Wondering how much your community takes in for revenue each year? Curious as to how much debt it carries? You can find that information and more on the MI Community Financial Dashboard.
Published by the Michigan Department of Treasury, the dashboard not only includes raw numbers but also stacks communities against one another in a number of rankings. According to the dashboard, the City of Lowell’s General Fund health hovered near the bottom of the pack for years before leaping to the 95th percentile in 2016. That wasn’t to last though, and the city’s rank dropped substantially in 2017.
Here’s a look at the actual rankings for the City of Lowell General Fund health from Fiscal Years 2010-2017, as reported by the MI Community Financial Dashboard. Fiscal years are not the same as calendar years, and the city starts its fiscal year on July 1 and ends it on June 30. As a result, Fiscal Year 2010, for example, started on July 1, 2009 and ended on June 30, 2010.
- Fiscal Year 2010: 239 out of 280 (15th percentile)
- Fiscal Year 2011: 240 out of 280 (14th percentile)
- Fiscal Year 2012: 238 out of 280 (15th percentile)
- Fiscal Year 2013: 222 out of 279 (20th percentile)
- Fiscal Year 2014: 273 out of 280 (3rd percentile)
- Fiscal Year 2015: 205 out of 280 (27th percentile)
- Fiscal Year 2016: 13 out of 280 (95th percentile)
- Fiscal Year 2017: 201 out of 274 (27th percentile)
To learn more about the challenges facing the City of Lowell budget, as well as to learn why the city saw that significant improvement in health in 2016, Lowell’s First Look spoke to the three men who have led the city during these years: city managers Dave Pasquale, Mark Howe and Mike Burns.
Great Recession Hurt Lowell Economy
Dave Pasquale spent more than 24 years at the helm of the City of Lowell. He was the city manager from 1987-2011 and served as interim city manager for eight months in 2016 as well.
During his tenure, Pasquale oversaw a number of improvements, including the renovation of the city hall, addition to the police department, contributions to the development of a new library building and significant street projects such as the reconfiguration of Bowes Road, creation of South Valley Vista Road and addition of two stop lights on Main Street. “There’s always constant pressure to do more with less.” he says is one challenge of running a small town.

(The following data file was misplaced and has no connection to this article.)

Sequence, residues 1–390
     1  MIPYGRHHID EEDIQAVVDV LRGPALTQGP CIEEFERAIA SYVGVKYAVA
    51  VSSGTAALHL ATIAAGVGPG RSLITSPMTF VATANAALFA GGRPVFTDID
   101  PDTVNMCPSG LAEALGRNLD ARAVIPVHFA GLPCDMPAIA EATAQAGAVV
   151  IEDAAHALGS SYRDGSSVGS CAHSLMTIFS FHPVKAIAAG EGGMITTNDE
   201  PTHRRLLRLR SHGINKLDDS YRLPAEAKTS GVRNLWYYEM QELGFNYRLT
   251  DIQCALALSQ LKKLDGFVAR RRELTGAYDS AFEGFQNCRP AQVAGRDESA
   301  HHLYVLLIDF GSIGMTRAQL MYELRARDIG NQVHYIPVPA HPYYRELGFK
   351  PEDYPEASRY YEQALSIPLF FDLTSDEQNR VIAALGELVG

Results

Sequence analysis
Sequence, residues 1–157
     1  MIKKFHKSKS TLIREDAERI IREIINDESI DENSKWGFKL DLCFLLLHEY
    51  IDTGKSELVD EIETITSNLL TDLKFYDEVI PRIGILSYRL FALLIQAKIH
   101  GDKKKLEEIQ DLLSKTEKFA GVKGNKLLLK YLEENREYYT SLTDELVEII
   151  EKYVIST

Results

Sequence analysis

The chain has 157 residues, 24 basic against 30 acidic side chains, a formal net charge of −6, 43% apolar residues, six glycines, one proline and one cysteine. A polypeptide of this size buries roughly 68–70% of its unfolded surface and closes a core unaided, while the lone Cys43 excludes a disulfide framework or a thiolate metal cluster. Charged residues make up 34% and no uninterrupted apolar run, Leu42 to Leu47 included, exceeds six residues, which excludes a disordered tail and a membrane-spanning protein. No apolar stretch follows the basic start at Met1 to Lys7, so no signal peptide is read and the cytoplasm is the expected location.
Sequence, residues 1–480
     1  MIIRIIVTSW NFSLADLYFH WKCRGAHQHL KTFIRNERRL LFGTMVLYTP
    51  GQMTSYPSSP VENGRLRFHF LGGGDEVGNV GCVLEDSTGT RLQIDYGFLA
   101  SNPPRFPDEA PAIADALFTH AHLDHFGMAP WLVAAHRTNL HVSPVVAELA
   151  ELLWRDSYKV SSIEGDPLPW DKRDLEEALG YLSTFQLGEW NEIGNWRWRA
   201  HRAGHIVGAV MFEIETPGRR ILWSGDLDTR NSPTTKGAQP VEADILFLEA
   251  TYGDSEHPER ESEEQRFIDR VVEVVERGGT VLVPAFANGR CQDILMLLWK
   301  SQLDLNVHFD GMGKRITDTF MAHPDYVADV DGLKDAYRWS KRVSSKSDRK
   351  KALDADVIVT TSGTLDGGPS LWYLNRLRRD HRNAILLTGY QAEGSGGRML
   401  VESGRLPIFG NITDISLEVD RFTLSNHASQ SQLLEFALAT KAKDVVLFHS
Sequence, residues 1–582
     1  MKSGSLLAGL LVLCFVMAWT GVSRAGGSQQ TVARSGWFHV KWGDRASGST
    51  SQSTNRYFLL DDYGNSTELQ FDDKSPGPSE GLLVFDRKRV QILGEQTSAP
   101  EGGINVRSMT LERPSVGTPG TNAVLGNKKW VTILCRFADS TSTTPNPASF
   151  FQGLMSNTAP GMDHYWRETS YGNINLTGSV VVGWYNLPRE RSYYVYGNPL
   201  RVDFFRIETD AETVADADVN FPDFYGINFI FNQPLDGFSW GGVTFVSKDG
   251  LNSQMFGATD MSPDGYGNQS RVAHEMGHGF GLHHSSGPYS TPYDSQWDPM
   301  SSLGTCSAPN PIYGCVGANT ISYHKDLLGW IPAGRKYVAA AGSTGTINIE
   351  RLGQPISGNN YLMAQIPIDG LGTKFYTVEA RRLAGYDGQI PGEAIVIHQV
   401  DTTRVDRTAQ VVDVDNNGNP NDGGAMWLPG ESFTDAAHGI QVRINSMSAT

When the housing market collapsed in 2007, taking the overall economy with it, the City of Lowell felt it acutely. Atwood, one of the city’s major manufacturers, had been a subsidiary of furniture manufacturer Steelcase. However, that business arrangement ended, moving expensive equipment out of the Atwood facility and resulting in a significant loss of personal property revenue for the city. While Atwood, with help from the state, would reinvent itself as a subsidiary of boat maker Brunswick, another Lowell manufacturer, Newell, would close for good.
Despite the challenges, Pasquale says the city was able to weather the financial storm without laying off any workers and keeping public facilities in good condition. “What we really tried to do is make sure we were living within our means,” he says.
Pasquale also points to the Downtown Development Authority as helping to keep the city in prime condition with lighting and landscaping projects during this time. Then, when Flat River Grill decided to locate along the Riverwalk, Pasquale says that helped position the city to take advantage of the economic rebound. “The Gilmore [Group] came in, totally renovated their building and brought a lot of people into the community,” Pasquale remembers.
When Pasquale announced his retirement in 2011, the Lowell City Council set about looking for a new city manager with a background in finance and found Mark Howe.
Improving the General Fund Health
Howe describes the budget situation as “not good” when he took over in 2011. A fund balance in the General Fund was being used to compensate for deficits in revenue, but that balance would run out in a year. What’s more, the equipment fund had a negative cash balance, and the Michigan Department of Treasury had sent a warning letter to the city about its status.
However, Howe is quick to point out that none of this should reflect poorly on Pasquale. “Dave did the best he could with the resources he had available,” Howe notes. The loss of tax revenue during the recession meant city leadership was left in the position of trying to maintain services with less money coming in.
What’s more, declining taxable values in the city continued even years after the recession officially ended. According to the Michigan Department of Treasury, the total taxable value of properties in the city was $114.3 million in 2010 and declined steadily until they bottomed out in 2013 at $102.8 million.
When it came to how to fix the city’s budget problems, Howe knew the challenge would to find adequate revenues without alienating residents with higher taxes. “Most of the budget relies on property taxes, and Lowell [had] the second highest millage rate in the county,” he says. “It was about how do you grow the community when you have this high tax rate?”
The answer was to look at places where savings, both big and small, could be found within the budget. The most significant savings were realized by refinancing bonds taken out for the City Hall renovation and water system. That resulted in an interest rate reduction and $1 million in savings. The refinancing didn’t extend the term of the bonds either.